Libya’s chief prosecutor said Saturday he would establish a fact-finding mission to investigate a meeting last month between the foreign minister of one of the country’s rival governments and Israel’s chief diplomat.
The Aug. 22 meeting caused an uproar across the North African nation. Najla Mangoush, the foreign minister of the Tripoli-based government, and Israeli Foreign Minister Eli Cohen met in Rome in the first-ever between top diplomats of Libya and Israel.
Libya criminalizes establishing ties with Israel under a 1957 law. The oil-rich country has long been hostile toward Israel and supportive of the Palestinians.
In a terse statement Saturday, General Prosecutor Al-Sediq al-Sour said the fact-finding mission would probe violations of Libya’s rules of boycotting Israel and “investigate the extent of damage to Libya’s interests” because of the Mangoush-Cohen meeting.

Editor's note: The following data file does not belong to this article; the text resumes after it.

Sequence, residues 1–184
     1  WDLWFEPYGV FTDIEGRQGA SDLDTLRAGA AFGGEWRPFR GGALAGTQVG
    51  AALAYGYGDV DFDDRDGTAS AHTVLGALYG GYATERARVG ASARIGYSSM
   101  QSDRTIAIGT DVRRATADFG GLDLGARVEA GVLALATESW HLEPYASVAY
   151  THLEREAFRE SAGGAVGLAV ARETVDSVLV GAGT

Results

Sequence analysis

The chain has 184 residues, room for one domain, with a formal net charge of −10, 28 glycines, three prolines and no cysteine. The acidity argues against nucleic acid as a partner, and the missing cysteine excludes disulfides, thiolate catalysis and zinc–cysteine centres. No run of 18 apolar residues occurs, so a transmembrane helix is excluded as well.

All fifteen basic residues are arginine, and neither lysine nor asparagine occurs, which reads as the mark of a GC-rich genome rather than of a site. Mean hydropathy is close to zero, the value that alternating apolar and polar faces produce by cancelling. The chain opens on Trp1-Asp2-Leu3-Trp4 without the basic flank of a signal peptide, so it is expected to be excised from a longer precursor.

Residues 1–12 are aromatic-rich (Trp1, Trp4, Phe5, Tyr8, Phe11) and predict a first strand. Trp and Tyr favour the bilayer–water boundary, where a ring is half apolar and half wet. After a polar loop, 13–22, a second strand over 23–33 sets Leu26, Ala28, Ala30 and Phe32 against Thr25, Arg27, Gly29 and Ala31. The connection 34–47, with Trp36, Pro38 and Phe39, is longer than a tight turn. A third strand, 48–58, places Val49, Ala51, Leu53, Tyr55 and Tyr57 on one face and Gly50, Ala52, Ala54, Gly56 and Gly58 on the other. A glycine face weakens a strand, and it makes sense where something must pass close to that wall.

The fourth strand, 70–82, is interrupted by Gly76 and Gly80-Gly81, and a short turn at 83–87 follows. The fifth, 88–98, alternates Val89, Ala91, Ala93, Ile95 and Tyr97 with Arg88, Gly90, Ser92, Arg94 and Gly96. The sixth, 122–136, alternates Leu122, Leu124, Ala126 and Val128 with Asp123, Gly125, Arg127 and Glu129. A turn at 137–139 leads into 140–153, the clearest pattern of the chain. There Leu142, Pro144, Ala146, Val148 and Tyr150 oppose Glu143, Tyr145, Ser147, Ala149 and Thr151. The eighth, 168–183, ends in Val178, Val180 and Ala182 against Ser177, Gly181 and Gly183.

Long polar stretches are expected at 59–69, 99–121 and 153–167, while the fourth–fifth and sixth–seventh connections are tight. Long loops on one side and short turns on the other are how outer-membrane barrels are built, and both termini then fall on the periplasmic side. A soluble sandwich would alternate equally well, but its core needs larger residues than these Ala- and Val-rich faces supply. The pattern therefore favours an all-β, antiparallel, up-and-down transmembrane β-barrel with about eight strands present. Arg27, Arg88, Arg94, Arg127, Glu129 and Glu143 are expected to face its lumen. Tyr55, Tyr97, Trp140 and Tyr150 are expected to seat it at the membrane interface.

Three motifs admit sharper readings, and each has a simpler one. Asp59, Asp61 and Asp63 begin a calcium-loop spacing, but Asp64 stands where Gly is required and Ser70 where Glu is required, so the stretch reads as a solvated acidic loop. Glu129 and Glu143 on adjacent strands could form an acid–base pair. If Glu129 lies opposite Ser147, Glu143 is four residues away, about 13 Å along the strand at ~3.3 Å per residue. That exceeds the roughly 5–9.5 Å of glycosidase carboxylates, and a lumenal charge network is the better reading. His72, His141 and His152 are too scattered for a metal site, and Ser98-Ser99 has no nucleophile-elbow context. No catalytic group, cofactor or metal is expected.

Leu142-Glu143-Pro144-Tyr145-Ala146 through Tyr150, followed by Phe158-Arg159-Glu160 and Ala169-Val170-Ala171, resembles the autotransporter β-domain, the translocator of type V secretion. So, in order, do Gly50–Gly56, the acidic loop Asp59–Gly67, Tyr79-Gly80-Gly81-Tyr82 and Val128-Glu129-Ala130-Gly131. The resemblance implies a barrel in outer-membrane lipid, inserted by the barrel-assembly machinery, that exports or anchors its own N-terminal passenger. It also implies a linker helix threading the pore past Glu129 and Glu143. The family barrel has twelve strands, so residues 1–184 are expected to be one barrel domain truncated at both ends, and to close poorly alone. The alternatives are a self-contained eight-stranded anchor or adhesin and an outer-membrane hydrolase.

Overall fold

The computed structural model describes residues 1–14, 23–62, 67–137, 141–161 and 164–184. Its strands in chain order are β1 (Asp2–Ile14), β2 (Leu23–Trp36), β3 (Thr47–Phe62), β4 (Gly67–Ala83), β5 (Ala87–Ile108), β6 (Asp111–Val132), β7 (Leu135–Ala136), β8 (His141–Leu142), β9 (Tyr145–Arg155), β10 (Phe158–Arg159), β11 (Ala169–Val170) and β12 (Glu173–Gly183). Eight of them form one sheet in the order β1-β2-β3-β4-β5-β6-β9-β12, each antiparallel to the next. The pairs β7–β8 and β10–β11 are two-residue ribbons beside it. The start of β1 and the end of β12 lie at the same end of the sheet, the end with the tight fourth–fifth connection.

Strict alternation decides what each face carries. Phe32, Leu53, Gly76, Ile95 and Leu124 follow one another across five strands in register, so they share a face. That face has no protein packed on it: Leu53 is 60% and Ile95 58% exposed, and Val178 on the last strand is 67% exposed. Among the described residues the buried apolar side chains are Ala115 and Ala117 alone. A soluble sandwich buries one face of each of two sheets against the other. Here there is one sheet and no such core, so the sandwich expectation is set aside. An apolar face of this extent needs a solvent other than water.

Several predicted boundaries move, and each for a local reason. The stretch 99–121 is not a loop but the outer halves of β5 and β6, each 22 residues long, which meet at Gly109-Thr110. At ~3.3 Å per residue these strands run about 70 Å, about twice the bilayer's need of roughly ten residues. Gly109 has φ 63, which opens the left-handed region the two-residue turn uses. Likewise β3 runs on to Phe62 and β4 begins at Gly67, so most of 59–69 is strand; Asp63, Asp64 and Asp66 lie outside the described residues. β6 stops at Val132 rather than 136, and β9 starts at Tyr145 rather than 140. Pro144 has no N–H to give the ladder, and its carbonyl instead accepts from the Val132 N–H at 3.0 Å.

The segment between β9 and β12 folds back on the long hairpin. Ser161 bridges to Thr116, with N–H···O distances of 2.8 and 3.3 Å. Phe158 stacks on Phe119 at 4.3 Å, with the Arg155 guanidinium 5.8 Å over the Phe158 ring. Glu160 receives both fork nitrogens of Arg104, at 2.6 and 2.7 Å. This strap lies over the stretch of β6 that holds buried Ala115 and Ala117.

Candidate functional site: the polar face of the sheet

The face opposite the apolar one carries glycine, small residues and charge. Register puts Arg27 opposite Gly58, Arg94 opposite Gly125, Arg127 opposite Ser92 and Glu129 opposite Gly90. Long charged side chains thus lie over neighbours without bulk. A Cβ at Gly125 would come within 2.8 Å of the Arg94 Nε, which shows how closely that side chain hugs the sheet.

Libya slid into chaos after a NATO-backed uprising toppled longtime dictator Moammar Gadhafi in 2011. For years, the country has split between the Western-backed government in Tripoli and a rival administration in the country’s east. Each side has been backed by armed groups and foreign governments.